Dans la première lecture, David nous enseigne le fondement de ce respect que nous devons accorder à tous les ministères du Seigneur. Ils sont oints et, par cette consécration, l'Esprit Saint demeure sur eux. Nous pouvons appliquer cela à tous les êtres humains, demeure de l'Esprit Saint.

«Jésus gravit la montagne, et il appela ceux qu'il voulait»

 

Abbé Jordi POU i Sabater

(Sant Jordi Desvalls, Girona, Espagne)

 

Aujourd'hui, l'Evangile résume la théologie de la vocation chrétienne: le Seigneur choisit ceux qu'Il veut pour qu'ils restent avec Lui et pour en faire des apôtres (cf. Mc 3,13-14). En premier lieu, Il les choisit: avant la création du monde, il nous a destinés à devenir saints (cf. Ef 1,4). Il nous aime à travers le Christ, et il nous modèle par son intermédiaire en nous donnant des vertus pour être ses enfants. C'est seulement en ayant en vue la vocation que l'on comprend nos vertus; la vocation est le "rôle" qu'il nous a donné dans la rédemption. C'est en découvrant l'intime "pourquoi" de mon existence que je me sens pleinement "moi", quand je vis ma vocation.

Et pourquoi nous a-t-il appelés? Pour que nous soyons avec Lui. Cet appel implique une réponse: «Un jour —je ne veux pas généraliser, ouvre ton cœur au Seigneur et raconte-lui ton histoire—, peut-être qu'un ami, un chrétien ordinaire comme toi, t'as fait découvrir un panorama profond et nouveau, même s'il est aussi vieux que l'Evangile. Il t'a suggéré que tu pouvais t'appliquer sérieusement à suivre le Christ, à devenir un apôtre des apôtres. A ce moment-là, tu as peut-être perdu la tranquillité et tu ne l'as retrouvée, convertie en paix, qu'après avoir répondu à Dieu librement, parce que tu en as eu envie —ce qui est la raison la plus surnaturelle—. Et la joie est venue, forte et constante, une joie qui disparaît seulement quand tu t'écartes de Lui» (Saint Joseph Marie).

C'est un don mais c'est aussi une tâche: la sainteté par l'intermédiaire de la prière et des sacrements et, de plus, c'est une lutte personnelle. «Tous les fidèles quels que soient leur état et leurs conditions de vie sont appelés à la plénitude de la vie chrétienne et à la perfection de la charité, de la sainteté qui, même dans la société terrestre, encourage un mode de vie plus humain» (Concile Vatican II).

Ainsi, nous pouvons sentir la mission apostolique: amener le Christ aux autres; l'avoir avec nous et l'amener. Aujourd'hui, nous pouvons prêter davantage attention à l'appel, et perfectionner notre réponse d'amour.

 

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Publié le 19 Janvier 2022

Gospel text

(Mk 3:7-12): 

 

Jesus withdrew toward the sea with his disciples. A large number of people followed from Galilee and from Judea. Hearing what he was doing, a large number of people came to him also from Jerusalem, from Idumea, from beyond the Jordan, and from the neighborhood of Tyre and Sidon. He told his disciples to have a boat ready for him because of the crowd, so that they would not crush him. He had cured many and, as a result, those who had diseases were pressing upon him to touch him. And whenever unclean spirits saw him they would fall down before him and shout, “You are the Son of God.” He warned them sternly not to make him known.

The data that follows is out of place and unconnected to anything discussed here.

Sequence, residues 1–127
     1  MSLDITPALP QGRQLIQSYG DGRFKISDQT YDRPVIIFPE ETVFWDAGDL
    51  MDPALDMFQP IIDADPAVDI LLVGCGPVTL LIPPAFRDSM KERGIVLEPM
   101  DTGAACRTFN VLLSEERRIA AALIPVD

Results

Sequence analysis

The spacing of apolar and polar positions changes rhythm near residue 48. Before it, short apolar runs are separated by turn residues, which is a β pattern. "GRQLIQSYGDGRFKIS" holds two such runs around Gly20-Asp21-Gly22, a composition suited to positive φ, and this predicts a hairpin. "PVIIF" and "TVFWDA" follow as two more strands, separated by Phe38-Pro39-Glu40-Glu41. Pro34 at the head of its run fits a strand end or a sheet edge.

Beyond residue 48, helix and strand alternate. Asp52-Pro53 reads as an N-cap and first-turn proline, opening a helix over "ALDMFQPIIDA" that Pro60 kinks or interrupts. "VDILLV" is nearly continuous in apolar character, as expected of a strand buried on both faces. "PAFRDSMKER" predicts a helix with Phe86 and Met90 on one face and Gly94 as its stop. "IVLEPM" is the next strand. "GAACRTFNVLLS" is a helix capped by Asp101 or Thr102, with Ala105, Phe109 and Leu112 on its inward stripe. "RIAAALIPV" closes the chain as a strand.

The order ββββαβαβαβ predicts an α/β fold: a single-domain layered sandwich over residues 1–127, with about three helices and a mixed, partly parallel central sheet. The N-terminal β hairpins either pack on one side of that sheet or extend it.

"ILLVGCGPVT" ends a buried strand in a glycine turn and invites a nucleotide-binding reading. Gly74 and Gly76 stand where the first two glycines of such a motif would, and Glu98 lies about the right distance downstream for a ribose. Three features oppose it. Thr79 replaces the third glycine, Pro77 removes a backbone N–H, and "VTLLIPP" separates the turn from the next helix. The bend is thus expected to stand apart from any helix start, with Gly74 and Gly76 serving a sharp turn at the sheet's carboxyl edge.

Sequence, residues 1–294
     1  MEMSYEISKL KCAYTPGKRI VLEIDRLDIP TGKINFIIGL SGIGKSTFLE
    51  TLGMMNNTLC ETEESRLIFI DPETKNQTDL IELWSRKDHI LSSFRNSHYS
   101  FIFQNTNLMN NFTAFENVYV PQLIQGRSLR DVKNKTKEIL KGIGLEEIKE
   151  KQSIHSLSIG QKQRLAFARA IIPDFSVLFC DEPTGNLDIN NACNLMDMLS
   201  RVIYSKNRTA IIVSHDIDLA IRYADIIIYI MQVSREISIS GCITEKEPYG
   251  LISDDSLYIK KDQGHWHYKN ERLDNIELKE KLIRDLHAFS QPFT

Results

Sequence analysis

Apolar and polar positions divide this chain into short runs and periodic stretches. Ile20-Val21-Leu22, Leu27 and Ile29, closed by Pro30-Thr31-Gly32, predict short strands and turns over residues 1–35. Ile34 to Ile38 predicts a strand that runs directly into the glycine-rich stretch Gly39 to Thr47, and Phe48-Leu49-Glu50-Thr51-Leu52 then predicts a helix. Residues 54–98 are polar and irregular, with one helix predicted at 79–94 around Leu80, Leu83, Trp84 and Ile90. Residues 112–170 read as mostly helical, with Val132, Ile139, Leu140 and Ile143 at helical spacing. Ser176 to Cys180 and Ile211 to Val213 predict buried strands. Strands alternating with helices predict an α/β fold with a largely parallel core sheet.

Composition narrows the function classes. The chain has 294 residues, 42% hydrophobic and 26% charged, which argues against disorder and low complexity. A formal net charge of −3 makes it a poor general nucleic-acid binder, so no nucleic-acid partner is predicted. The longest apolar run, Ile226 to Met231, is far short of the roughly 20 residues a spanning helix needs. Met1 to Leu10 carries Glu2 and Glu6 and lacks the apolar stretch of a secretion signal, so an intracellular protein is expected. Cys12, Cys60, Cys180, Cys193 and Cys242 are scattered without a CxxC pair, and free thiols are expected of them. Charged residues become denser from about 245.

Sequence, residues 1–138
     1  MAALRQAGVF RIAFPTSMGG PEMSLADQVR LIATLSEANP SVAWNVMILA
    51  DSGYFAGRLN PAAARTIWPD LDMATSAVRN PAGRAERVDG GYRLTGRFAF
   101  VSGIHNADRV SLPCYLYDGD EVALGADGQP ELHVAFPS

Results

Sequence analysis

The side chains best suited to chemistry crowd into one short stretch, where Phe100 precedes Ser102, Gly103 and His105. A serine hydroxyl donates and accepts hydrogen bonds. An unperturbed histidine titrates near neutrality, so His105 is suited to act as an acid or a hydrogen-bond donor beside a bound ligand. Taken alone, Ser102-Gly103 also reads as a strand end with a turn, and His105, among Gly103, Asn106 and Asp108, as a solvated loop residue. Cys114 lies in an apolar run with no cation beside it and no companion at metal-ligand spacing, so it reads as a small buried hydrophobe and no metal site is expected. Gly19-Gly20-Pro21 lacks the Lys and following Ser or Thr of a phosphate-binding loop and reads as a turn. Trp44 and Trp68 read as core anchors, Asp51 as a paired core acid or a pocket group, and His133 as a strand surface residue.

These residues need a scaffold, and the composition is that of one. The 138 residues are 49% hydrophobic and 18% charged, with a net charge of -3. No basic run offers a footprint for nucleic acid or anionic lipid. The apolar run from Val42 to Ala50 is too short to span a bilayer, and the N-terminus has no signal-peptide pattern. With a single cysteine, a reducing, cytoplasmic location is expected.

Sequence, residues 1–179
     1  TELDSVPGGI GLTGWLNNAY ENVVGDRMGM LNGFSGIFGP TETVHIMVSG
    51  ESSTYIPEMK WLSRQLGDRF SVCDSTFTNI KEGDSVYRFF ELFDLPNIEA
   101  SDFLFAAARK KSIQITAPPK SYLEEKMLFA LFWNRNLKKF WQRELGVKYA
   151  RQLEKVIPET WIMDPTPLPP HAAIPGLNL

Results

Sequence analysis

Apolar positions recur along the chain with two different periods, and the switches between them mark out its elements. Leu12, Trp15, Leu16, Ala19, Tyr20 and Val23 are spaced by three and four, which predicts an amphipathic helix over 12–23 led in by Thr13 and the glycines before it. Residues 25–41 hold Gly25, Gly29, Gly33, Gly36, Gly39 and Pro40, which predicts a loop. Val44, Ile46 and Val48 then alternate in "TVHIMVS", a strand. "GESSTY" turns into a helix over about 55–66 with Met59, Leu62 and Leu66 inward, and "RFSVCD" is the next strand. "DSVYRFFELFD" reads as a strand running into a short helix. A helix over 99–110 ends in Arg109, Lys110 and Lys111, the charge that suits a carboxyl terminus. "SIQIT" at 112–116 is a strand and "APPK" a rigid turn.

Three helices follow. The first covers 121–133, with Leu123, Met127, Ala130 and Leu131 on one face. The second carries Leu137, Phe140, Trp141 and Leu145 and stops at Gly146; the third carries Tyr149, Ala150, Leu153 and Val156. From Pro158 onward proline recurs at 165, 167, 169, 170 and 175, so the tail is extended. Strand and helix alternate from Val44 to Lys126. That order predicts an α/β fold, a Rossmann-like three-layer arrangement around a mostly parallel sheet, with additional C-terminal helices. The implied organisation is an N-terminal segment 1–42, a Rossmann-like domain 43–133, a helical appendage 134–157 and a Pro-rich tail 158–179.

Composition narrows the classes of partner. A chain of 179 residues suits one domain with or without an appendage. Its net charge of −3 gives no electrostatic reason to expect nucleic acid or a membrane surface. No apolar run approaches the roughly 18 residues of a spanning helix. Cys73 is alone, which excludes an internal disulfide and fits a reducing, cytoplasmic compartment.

The Application

 

Withdrawing, is not necessary ne seen as something negative. It can save us from many dangers and can create many more opportunities. We need to learn from Jesus to withdraw, the right moment and towards the right place. Very often we interpret the divine silence, synonym to His absence. In truth, it is in these dark moments of life, we get a wonderful opportunity for a divine encounter. When such occasions present before us, that we need to express our faith and remain faithful to God.

 

Jesus withdraws and the crowd follows him. An ordinary day, yet a divine manifestation through miracles, including the presence of Jesus, a recognition of the people. Jesus does not withdraw to distance himself from the people, but quite the opposite, simply to give them a closeness accessible to all, including the evil spirits. Jesus would like to convert and save all. This closeness created by God voluntarily gives us the hope to convert and to come closer to the Lord.

 

In truth, it is not His unavailability that keeps us away from His grace, but we simply voluntarily keep ourselves away from His presence and grace. Jesus promised us that He would be with us until the end of the world and He remains faithful to that promise. True to his promise, he makes himself available. We, on our part, must run to Him, as children run to their parents.

 

Action of the day: Run towards God, with the hope.

“A large number of people came to him also from Jerusalem, from Idumea, from beyond the Jordan, and from the neighborhood of Tyre and Sidon”

 

Fr. Melcior QUEROL i Solà

(Ribes de Freser, Girona, Spain)

 

Today, with the baptisms by John in the Jordan still recent, we should all remember the kind of conversion brought about as a result of our baptism. We have all been baptized into one Lord, into one only faith, “For in one Spirit we were all baptized into one body” (1Co 12:13). This is the aim of unity: to form a single body, to be a single unity in Christ, so that the world may believe.

In today's Gospel we see “A large crowd from Galilee followed him" and "a great number of people” coming from other places surrounded the Lord (cf. Mk 3:7-8). And He paid heed to all, procuring, without exception, their good. We have to keep this in mind during the Octave of Prayer for Christian Unity.